Sri Lanka, the land of Ceylon tea, is among the top South Asian nations in various demographic and economic indicators. It maintains a high literacy rate of more than 90 per cent, and an impressive GDP per capita: $4,102 in 2018. The country’s telecom industry is also on a good footing with the presence of various established groups like Axiata, Bharti Airtel and CK Hutchison contributing to mobile subscriber penetration of almost 150 per cent, and 4G coverage of 95 per cent of the population.

This makes the country a prime candidate for 5G, right?

Maybe. But, two key realities on the ground suggest a most complicated story.

Limited 4G Network Options
While Dialog and Mobitel launched 4G in 2012, in line with players in other countries, Hutchison was a late entrant in the space (launched as late as Q1 2020). Airtel, meanwhile, has not even forayed into the 4G market.

Limited 4G Penetration
Eight years post-launch, 4G services have barely scratched the surface. Subscriber penetration remains at 14.66 per cent as of Q1 2020 and is expected to reach 33.1 per cent by 2025. That’s strong growth, sure. But it compares poorly to other South Asian nations including Bangladesh, where penetration is expected to outperform Sri Lanka to reach 46 per cent by 2025 (see chart, below, click to enlarge).

But, if Sri Lanka benefits from solid fundamentals, we must ask why 4G uptake is so low. Let’s look at a few key factors.

  • High Taxes: Taxes (such as service and telecom levies) make mobile internet usage an expensive affair. For 1GB of data, the poorest 20 per cent of the country’s population spends approximately 5.3 per cent of their monthly income. This figure increases to more than 7 per cent for a 5GB data
  • Low digital literacy: At the end of June 2019, digital literacy (id est, can people use a computer, laptop, tablet or smartphone on their own) in Sri Lanka stood at only 44.3 per cent.
  • Affordability (or lack thereof): While launching Hutchison’s 4G services, its CEO acknowledged affordability and limited business usage as uptake inhibitors: “Although 4G network services have already been launched in Sri Lanka by other operators several years ago, its mass adoption till recently has been limited due to several factors including the availability and affordability of 4G phones, and the requirement of applications that really needed 4G (instead of 3G) bandwidth.”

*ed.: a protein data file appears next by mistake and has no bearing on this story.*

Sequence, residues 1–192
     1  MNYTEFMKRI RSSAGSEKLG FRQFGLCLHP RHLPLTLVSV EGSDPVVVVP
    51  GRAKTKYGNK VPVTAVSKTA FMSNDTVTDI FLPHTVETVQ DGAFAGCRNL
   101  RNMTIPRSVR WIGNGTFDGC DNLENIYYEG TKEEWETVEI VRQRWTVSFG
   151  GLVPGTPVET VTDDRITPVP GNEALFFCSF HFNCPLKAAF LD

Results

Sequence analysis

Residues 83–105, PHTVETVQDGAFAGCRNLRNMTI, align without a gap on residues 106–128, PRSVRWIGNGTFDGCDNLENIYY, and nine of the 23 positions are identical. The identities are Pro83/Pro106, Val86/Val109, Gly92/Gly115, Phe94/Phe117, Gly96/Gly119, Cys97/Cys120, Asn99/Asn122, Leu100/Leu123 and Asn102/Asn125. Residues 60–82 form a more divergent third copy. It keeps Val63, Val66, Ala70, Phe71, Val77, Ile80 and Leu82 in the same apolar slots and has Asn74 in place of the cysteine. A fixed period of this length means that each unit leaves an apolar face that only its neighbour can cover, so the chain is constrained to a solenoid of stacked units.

• Stagnant smartphone penetration: 4G without smartphones doesn’t really make sense. Smartphone penetration being flat in the range of 40 per cent to 50 per cent since Q3 2017 hasn’t helped 4G’s prospects.

So, what is the industry doing to make mobile internet and 4G space more attractive?
To create a healthy, competitive 4G environment for operators and make 4G more accessible to the masses, the government has been taking various initiatives.

In late 2018, it removed floor rates for voice calls to improve the health of telecoms. The move was aimed at promoting cost optimisation and allowing more competition. In October 2019, the National Digital Policy was released, setting targets of at least 70 per cent internet penetration, more than 95 per cent indoor and outdoor high-speed broadband, 4G and 5G coverage, and various other development parameters.

Towards the end of 2019, we saw a reduction in Telecommunication Levy, a direct tax, by 25 per cent, bringing it down to 11.25 per cent. And this year? Already in 2020 we’ve seen the Telecoms Regulatory Commission re-initiate trials with all major operators to encourage the launch of 5G services which further connect with Smart Nation vision.

What does the future hold?
Well, that’s pretty much the most important question. Right?

Clearly, Sri Lanka could be a successful 5G market. But, first, fundamentals need to be addressed and 4G’s potential needs to be fully tapped. Better awareness and marketing for smartphones will help. Improved connectivity would too, especially in suburban and rural areas. Fixed wireless offers could help to move the market along.

How will we know if this is working? What are we watching? CAPEX and new product offers. Operators have announced network investment plans and we’ve seen those support 4G expansion. As we move into a post-pandemic world, we need to see how these continue.

Yes, as much as network investments are important, they are meaningless without solid product offerings. Here, too, we’ve seen progress, particularly as new 4G launches spur competitive offerings. Think Hutchison introducing new product offerings across data, voice and other services targeting specific customer segments soon after moving into 4G, along with launching post-paid packages for consumers for the first time in 20 years.

5G in Sri Lanka may not seem sensible today, but continued execution on these fundamentals will set the stage for its success.

– Ankit Sawhney – research manager; Charu Paliwal – team lead, GSMA Intelligence

The editorial views expressed in this article are solely those of the author and will not necessarily reflect the views of the GSMA, its Members or Associate Members.